Kevin Walsh recognised that Galway needed to improve defensively and he started that process during the 2017 campaign. Last winter he saw that they needed a fresh view on things so he turned to Paddy. 

When he got there he would have known where Galway needed to improve most and that's where he would have started.

But for people to think he works purely on the defensive side is lazy or a label of convenience.  

To appoint Tally took a lot of humility on Walsh's part. It would have been easy for him to persevere with the way things were going and plough on with his own ideas. But he put Galway first and they are all the better for it.

Some would argue that he has gone too far with their system, that they play too defensively and if anything it can inhibit the natural talent up front.

I can see that argument but the bottom line is he is getting results. It's similar to the Donegal approach before they won the All-Ireland in 2012.

Back then, Jim McGuinness realised that he had to solidify things at the back first and make them hard to break down.

It was only then that they could be more proactive in terms of their attacking game. Remember they scored just 0-6 in an All-Ireland semi-final in 2011 but were All-Ireland champions a little over a year later. To my mind, Galway are moving along similar lines.

And while they have been brilliant this year, you feel there's still a little question mark over them because they have had a couple of off days over the past few seasons.

They didn't show up in last year's Connacht final loss to Roscommon. The year before that they went down to a Tipperary team they were tipped to beat in the All-Ireland quarter-final.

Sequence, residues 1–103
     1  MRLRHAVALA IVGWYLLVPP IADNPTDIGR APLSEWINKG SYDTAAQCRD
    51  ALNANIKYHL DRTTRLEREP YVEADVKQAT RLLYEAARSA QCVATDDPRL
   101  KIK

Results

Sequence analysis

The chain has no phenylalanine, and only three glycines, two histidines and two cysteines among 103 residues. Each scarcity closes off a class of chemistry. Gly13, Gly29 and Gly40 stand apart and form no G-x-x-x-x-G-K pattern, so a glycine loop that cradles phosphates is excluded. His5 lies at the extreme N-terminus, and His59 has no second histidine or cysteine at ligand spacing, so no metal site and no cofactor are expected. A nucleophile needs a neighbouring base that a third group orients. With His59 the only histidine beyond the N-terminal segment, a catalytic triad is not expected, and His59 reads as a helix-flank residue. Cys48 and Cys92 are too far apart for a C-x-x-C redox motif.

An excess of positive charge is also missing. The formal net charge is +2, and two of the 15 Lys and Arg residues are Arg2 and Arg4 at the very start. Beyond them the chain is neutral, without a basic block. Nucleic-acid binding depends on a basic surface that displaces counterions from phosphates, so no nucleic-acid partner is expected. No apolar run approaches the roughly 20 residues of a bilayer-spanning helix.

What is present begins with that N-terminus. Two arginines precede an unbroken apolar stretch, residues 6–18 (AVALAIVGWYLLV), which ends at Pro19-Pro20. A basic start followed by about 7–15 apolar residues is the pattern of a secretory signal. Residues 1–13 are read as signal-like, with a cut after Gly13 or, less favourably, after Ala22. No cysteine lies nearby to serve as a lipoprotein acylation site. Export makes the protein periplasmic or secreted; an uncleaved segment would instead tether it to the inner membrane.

On Sunday they face a Roscommon side who have been planning for this game since the start of the year. When the draw was made, Kevin McStay's men could have reasonably expected to make it this far as they just needed a win over Leitrim or New York to reach another Connacht final.

They have the forwards to hurt Galway and, for me, there's still a small question mark over their consistency in the big games.

But I think Galway have shown a new maturity this year. They beat Mayo and Sligo playing in two very different ways. They can get down in the gutter or they can go man on man and I expect them to be the first team to book their spot in the 'Super 8s'.

Kilkenny are winners on and off the pitch

On Sky last weekend, we were covering the Tyrone-Meath game from Nowlan Park in Kilkenny ahead of their clash with Wexford. 

And from start to finish it was a brilliant day. The hospitality from everyone we met, from supporters to the stewards, was top-notch and we were given a tour of the excellent facilities they have there.

It was notable too that when an announcement asked for supporters to leave the players alone so they could complete their warm-down, it was obeyed.

After that they gave the kids as much access to their heroes as they wanted and they stayed around afterwards, happily pucking around. A great day was capped by a great game that was played at 100mph. Not for the first time Brian Cody sent the natives home happy. Well done to all involved.